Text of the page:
Rincon De La Vieja National Park


This is our closest national park… located just about 45 minutes from Liberia. From our house to trailheads, it takes just under two hours. The actual park has three hikes, one of which splits off in two different directions, another of which takes you to the top of a volcano. Outside of the park, there are a number of different excursions like zip lining, horseback riding, hot springs, mountain biking, just to name a few. There is also a hotel and a restaurant just outside the actual park entrance, so if you want to stay closer for an early morning hike, that’s an option. The park opens at 8:00 and closes at 4:00 and some of the hikes have some time restrictions. It’s best to get there as close to 8:00 as possible, as it’s easy to spend the entire day there.


We have been there several times now, and done a few different things. Our favorite two hikes are the 10 kilometer hike to the Catarata Escondida, and then the shorter loop through the volcancitos. Depending on the day and the season, you can see monkeys, (spider, white faced and howler), snakes, coatis, capybaras and more. Last time we went, (about two weeks ago), we were so lucky to see an abundance of animals the entire time.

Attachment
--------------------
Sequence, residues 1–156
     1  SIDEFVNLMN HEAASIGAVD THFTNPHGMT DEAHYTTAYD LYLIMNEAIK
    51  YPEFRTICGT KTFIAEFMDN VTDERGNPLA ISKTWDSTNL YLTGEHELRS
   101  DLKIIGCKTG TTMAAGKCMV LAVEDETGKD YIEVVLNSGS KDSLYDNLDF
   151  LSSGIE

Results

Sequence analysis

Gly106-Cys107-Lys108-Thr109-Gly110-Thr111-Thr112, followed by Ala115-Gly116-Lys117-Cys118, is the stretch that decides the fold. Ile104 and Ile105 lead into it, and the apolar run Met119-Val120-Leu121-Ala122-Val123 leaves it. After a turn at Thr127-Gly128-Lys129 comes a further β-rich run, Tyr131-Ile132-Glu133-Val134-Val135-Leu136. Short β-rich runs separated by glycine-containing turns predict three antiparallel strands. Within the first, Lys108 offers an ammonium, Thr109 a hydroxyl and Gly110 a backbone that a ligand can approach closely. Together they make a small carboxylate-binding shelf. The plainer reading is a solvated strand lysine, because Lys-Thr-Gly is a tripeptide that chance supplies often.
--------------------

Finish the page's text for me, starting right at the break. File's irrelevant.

Playa Conchal


This is my favorite beach near us. (There are some others that are runners up, and I’ll mention those in a future post). You may have read about this one in a guide book, but in case you haven’t, it’s one worth visiting. It’s so unusual in that the beach itself is made up completely of shells, as opposed to sand. It’s unbelievably beautiful and unique, but during the high season it’s a bit crowded as well. We’ve enjoyed Playa Conchal the most early in the morning, when people are still sleeping off their night before and the crash of the waves is still the only thing you can hear. Later on in the day, people begin selling BBQ, beer, pipa and souvenirs, which is definitely part of the beach experience, but the tranquility is something that we prefer! Getting to Playa Conchal is a bit of a challenge, and requires four wheel drive. However, if your rental car is small, you would just park in Brasilito and walk. Believe me, it’s worth it.

 

Playa Negra and Paraiso


These little beach towns, just south of us are small enough to visit both in one afternoon. Playa Negra seems to cater more to tourists and ex-pats, with several great restaurants, a coffee shop called Jalapeno’s, some surf shops and a beautiful beach. The beach access is a little tricky – no four wheel drive necessary, you just need to ask for directions. Paraiso is just south of Negra and has a soccer field, more restaurants and bars, some bed and breakfasts and another of Guanacaste’s best beaches.